Ankylosing Spondylitis: In the spine, vertical bridging occurs. What are these called?
Sydesmophytes
Ankylosing Spondylitis: What 7 things would you find on an x-ray?
1. sydesmophytes
2. bamboo spine
3. erosions
4. sclerosis
5. loss of joint space at appophyseal and costovertebral joints
6. preservation of disc space
7. Sacroiliitis
Ankylosing Spondylitis: If you were to take a Lab, what would you find?
+ HLA-B27 in 90-95% of patients
- Rheumatoid Factor
+ Erythrocyte Sedimentation Rate (ESR)
Ankylosing Spondylitis Clinical Features:
What areas of the body might an AS patient feel pain?
1. low back
2. buttock
Ankylosing Spondylitis:
Does exercise diminish or exacerbate the pain?
It diminishes the pain and is improved with exercise.
Chronic prostatitis does not occur in 80% of patients with ankylosing spondylitis. True or False?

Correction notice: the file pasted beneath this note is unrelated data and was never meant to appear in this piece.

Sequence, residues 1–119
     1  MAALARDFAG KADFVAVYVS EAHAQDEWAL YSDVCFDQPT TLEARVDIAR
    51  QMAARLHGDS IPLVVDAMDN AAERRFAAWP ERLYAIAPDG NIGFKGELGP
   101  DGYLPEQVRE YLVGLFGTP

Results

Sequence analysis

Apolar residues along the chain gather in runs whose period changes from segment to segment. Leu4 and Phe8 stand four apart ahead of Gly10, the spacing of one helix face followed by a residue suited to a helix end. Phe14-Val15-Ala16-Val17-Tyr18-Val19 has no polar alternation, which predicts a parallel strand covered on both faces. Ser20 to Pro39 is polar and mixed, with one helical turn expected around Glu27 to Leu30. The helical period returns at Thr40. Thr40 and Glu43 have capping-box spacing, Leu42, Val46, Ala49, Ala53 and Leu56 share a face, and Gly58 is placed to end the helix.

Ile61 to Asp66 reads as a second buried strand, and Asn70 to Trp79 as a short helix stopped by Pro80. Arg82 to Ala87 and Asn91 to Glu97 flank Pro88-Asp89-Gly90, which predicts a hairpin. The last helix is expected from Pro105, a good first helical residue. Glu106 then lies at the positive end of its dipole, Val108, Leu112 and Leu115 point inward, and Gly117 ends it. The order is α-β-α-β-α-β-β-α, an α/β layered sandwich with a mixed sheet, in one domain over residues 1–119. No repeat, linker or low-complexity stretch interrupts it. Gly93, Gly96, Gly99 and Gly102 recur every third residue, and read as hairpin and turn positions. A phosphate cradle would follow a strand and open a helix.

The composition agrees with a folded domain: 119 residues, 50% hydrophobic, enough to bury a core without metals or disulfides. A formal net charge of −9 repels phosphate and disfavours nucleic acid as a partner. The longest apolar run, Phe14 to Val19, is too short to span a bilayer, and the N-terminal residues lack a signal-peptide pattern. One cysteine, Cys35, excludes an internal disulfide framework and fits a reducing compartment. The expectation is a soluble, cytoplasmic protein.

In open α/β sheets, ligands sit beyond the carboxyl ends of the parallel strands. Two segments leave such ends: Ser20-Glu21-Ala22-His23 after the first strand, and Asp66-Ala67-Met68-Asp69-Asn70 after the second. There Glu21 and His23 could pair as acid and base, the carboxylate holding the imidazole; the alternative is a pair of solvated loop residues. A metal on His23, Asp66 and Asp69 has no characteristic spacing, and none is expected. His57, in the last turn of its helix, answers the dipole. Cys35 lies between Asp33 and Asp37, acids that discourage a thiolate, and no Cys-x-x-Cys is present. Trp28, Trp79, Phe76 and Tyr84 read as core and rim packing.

False. Chronic prostatitis does occur in 80% of patients.
Loss of lumbar lordisis and increased dorsal kyphosis are often found in patiens with ankylosing spondylitis. True or False?
True
What specifically should chiropractors look out for with a patient with AS?
Spontaneous Atlantoaxial subluxation
What other two joint pathologies are similar to AS?
DJD
DISH
What are the clinical features of the skin in a patient with psoriatic arthritis?
1. Erythematous patches covered with silvery scales
2. Auspitz Sign - removal of scales results in pinpoint bleeding
3. On the elbow, knee, scalp, back
What are the clinical features of the nails in a patient with psoriatic arthritis?
1. Thimble pitting, thickening, discoloration, separation
2. Found in up to 40% of patients
What joints are effected by psoriatic arthritis?
Knee
PIP
MTP (Metatarsophylangeal)
Ankle
MCP (Metacarpophylangeal)
DIP

Classic presentation is in one large joint and in 1-2 intephalangeal joints (dactylitis or "sausage digit"
If you were to look on an x-ray, what would you see in a patient with psoriatic arthritis?